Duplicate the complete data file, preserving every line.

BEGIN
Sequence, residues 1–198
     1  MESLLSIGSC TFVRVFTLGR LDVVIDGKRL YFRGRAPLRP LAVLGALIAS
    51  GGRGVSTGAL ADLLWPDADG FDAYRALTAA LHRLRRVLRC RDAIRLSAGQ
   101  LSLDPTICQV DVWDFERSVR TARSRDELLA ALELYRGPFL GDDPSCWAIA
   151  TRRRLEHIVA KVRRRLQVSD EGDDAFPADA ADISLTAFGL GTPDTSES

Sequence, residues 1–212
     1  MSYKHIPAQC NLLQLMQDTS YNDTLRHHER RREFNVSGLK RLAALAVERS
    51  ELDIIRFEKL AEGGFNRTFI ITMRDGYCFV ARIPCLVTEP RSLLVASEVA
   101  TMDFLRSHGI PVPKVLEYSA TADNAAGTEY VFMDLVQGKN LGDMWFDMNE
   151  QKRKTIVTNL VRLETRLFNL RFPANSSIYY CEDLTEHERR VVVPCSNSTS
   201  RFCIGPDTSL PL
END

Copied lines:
Sequence, residues 1–198
     1  MESLLSIGSC TFVRVFTLGR LDVVIDGKRL YFRGRAPLRP LAVLGALIAS
    51  GGRGVSTGAL ADLLWPDADG FDAYRALTAA LHRLRRVLRC RDAIRLSAGQ
   101  LSLDPTICQV DVWDFERSVR TARSRDELLA ALELYRGPFL GDDPSCWAIA
   151  TRRRLEHIVA KVRRRLQVSD EGDDAFPADA ADISLTAFGL GTPDTSES

Sequence, residues 1–212
     1  MSYKHIPAQC NLLQLMQDTS YNDTLRHHER RREFNVSGLK RLAALAVERS
    51  ELDIIRFEKL AEGGFNRTFI ITMRDGYCFV ARIPCLVTEP RSLLVASEVA
   101  TMDFLRSHGI PVPKVLEYSA TADNAAGTEY VFMDLVQGKN LGDMWFDMNE
   151  QKRKTIVTNL VRLETRLFNL RFPANSSIYY CEDLTEHERR VVVPCSNSTS
   201  RFCIGPDTSL PL